• In order to recognise the species if it occurs on your property, learn to identify Bornemisszas Stag Beetle. If in doubt, seek expert assistance with identification.
    • If you live or work in the area where the species occurs (see distribution map, above), look out for and record any observations of the species. All records of this species can provide important information on distribution and abundance
    • If you are interested in knowing for certain whether the species occurs on your land, organise a formal survey. You may need to employ an ecological consultant to do this. Your local Bushcare or Field Naturalist club may be able to assist you with a survey.
    • Important! Always report any observations of the species to the DPIPWE Natural Values Atlas, or else provide the data direct to the Threatened Species Section. Records stored on the NVA are a permanent record and are accessible to other people interested in this species.
    • Consider the needs of the whole habitat. Preserving a threatened species' habitat is the best way to manage both the species and the environment in which it lives.
    • Habitat for Bornemisszas Stag Beetle corresponds to ‘wet forest' in the DPIPWE Bushcare Toolkit. See Eucalypt Bush in the Bushcare Toolkit for more information on managing this vegetation type.
    • For long-term protection of populations on private land – consider protection of habitat through a vegetation management agreement or conservation covenant. See the DPIPWE Private Land Conservation Program for more details.

    Cutting or clearing trees or vegetation

    • To prevent permanent loss of habitat - avoid conversion of habitat (e.g. to plantation or pasture/cropping land).

    Stock trampling

    • Uncontrolled access by stock to areas of forest habitat can lead to degradation of the leaf litter habitat for this species through compaction of the leaf litter and soil.
      • To prevent degradation of habitat through compaction of leaf litter and soil - avoid uncontrolled access by stock to areas of habitat.

    Burning

    • Bornemisszas Stag Beetle can be affected by any activity (including fire) that opens the forest canopy leading to exposure of the leaf litter to sunlight and dehydration of habitat, which may in turn lead to greater predation by species such as currawongs and quolls.
    • To prevent opening up the canopy and dehydration of leaf litter habitat - avoid high intensity burns in areas of habitat.
    • The burning of forest habitat also has the effect of removing accumulated coarse woody debris (dead twigs, larger branches and rotting logs) and leaf litter from the forest floor, which can take many years to re-accumulate. A deep layer of leaf litter and accumulated coarse woody debris is vital to the survival of this species.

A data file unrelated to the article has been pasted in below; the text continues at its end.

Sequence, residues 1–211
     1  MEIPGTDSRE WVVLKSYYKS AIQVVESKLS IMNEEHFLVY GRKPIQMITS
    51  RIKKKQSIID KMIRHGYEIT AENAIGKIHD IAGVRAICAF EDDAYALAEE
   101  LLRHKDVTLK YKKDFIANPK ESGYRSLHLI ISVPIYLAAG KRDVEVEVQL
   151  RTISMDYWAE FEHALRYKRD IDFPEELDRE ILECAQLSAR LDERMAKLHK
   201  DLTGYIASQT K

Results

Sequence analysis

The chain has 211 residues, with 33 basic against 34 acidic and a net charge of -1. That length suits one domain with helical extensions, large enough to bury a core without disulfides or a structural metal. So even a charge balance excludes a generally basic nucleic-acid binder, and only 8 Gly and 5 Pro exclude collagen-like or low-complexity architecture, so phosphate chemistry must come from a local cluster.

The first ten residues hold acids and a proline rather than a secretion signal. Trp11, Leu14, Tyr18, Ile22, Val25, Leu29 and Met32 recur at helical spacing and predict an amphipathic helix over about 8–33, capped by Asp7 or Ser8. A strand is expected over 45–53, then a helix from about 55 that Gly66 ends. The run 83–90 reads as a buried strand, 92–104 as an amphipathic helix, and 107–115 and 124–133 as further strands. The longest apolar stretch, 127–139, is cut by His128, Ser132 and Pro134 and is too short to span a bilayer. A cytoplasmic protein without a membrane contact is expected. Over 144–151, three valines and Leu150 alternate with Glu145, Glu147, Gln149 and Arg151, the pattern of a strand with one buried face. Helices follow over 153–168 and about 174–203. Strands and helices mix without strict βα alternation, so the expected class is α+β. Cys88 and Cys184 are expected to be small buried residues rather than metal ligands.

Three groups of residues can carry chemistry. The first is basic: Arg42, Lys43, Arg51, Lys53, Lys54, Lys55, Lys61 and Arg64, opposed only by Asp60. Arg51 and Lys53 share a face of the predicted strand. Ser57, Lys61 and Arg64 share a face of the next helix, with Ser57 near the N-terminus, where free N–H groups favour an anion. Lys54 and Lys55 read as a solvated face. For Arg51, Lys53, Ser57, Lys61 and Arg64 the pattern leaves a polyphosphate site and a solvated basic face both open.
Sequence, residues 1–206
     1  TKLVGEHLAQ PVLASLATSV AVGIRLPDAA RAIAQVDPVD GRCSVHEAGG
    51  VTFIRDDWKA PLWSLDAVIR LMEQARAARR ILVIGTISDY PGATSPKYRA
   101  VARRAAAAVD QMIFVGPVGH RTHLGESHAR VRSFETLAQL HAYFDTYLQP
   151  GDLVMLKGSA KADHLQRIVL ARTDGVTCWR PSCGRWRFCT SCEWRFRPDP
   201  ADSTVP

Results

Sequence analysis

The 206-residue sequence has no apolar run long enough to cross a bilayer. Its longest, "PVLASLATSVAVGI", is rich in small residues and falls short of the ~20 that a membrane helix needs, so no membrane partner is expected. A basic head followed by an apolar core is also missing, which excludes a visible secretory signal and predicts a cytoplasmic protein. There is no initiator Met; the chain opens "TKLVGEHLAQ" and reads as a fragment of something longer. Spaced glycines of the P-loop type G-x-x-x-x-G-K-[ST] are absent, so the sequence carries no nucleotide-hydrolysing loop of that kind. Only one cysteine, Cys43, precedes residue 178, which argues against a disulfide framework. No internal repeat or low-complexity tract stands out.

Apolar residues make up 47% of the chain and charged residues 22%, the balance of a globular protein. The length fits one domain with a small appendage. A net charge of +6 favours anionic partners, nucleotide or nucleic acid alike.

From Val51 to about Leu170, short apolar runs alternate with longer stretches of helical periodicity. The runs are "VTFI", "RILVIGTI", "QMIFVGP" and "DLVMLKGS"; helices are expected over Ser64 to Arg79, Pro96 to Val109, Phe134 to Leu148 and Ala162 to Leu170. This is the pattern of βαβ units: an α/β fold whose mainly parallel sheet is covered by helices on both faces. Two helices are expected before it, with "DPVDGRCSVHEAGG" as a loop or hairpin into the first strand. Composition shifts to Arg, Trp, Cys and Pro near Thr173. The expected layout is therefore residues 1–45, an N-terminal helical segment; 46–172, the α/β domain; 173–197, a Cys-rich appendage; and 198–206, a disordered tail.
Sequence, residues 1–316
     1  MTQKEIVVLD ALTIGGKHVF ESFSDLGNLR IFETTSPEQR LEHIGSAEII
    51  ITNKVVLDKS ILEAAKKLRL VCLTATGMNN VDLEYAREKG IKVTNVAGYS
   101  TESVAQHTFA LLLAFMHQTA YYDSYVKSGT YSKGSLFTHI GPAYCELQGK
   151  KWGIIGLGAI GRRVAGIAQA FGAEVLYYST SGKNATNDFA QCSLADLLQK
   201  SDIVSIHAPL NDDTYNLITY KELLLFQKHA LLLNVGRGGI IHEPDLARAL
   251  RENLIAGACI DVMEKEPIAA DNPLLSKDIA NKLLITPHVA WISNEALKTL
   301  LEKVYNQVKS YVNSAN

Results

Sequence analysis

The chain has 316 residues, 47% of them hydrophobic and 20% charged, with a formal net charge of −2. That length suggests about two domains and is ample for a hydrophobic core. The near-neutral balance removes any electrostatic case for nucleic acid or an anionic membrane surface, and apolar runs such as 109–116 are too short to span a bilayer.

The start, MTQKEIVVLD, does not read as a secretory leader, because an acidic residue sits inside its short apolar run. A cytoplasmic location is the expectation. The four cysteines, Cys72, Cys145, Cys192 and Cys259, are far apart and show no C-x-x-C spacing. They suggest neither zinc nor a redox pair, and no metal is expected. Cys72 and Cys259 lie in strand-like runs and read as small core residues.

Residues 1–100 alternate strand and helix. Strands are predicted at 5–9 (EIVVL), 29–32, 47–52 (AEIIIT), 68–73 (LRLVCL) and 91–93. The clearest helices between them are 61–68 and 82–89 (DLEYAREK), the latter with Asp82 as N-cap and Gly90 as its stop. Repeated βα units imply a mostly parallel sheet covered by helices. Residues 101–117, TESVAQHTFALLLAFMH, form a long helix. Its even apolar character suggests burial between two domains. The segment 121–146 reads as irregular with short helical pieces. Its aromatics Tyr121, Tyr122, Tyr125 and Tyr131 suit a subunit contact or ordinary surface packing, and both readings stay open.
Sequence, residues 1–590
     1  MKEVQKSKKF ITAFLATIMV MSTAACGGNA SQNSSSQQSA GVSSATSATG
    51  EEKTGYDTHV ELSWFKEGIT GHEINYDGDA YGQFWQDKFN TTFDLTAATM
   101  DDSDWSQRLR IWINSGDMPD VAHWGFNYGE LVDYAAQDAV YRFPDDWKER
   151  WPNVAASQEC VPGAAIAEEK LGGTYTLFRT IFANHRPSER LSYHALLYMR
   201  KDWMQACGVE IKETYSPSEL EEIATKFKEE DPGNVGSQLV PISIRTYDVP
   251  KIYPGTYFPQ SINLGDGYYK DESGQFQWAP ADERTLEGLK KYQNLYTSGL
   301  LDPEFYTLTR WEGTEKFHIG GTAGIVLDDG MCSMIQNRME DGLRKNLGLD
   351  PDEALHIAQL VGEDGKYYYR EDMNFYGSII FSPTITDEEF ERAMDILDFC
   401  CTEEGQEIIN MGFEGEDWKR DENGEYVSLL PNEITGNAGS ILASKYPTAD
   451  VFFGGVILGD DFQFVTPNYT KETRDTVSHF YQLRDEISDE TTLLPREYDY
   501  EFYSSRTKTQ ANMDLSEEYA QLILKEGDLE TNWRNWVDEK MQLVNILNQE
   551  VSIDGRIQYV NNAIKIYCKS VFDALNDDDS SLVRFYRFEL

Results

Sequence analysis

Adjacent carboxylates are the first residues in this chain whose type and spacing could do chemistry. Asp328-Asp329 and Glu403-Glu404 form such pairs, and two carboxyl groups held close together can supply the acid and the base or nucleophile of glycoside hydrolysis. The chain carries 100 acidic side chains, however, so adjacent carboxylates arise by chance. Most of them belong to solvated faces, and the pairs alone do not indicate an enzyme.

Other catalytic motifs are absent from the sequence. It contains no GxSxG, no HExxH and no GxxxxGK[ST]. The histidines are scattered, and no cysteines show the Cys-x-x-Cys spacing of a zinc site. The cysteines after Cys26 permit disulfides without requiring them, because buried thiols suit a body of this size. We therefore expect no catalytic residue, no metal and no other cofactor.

• To prevent loss of coarse woody debris and leaf litter - avoid high intensity burns in areas of habitat.

    Firewood collection

    • Bornemisszas Stag Beetle can be affected by any activity (including removal of standing dead trees for firewood) that opens the forest canopy leading to exposure of the leaf litter to sunlight and dehydration of habitat, which may in turn lead to greater predation by species such as currawongs and quolls.
    • To prevent opening up the canopy and dehydration of leaf litter habitat - avoid removal of dead trees for firewood in areas of habitat.
    • A deep, moist layer of leaf litter and accumulated coarse woody debris is vital to the survival of this species. Removal of dead branches, logs and other coarse woody debris for firewood leads to direct loss of habitat and exposure of the leaf litter to dehydration.
    • To prevent loss of coarse woody debris and dehydration of leaf litter habitat - avoid removal of coarse woody debris (dead branches and logs) for firewood in areas of habitat.

    Agriculture

    Construction

    Subdivision

    Earthworks

    Changing water flow / quality

    Use of chemicals

    Recreation

    Further information

    ​Check also for listing statement or notesheet pdf above (below the species image).

    Cite as: Threatened Species Section (). (): Species Management Profile for Tasmania's Threatened Species Link. . Department of Primary Industries, Parks, Water and Environment, Tasmania. Accessed on .

    Contact details: Threatened Species Section, Department of Primary Industries, Parks, Water and Environment, GPO Box 44, Hobart, Tasmania, Australia, 7001. Phone (1300 368 550).

    Permit: A permit is required under the Tasmanian Threatened Species Protection Act 1995 to 'take' (which includes kill, injure, catch, damage, destroy and collect), keep, trade in or process any specimen or products of a listed species. Additional permits may also be required under other Acts or regulations to take, disturb or interfere with any form of wildlife or its products, (e.g. dens, nests, bones). This may also depend on the tenure of the land and other agreements relating to its management. ​​​​​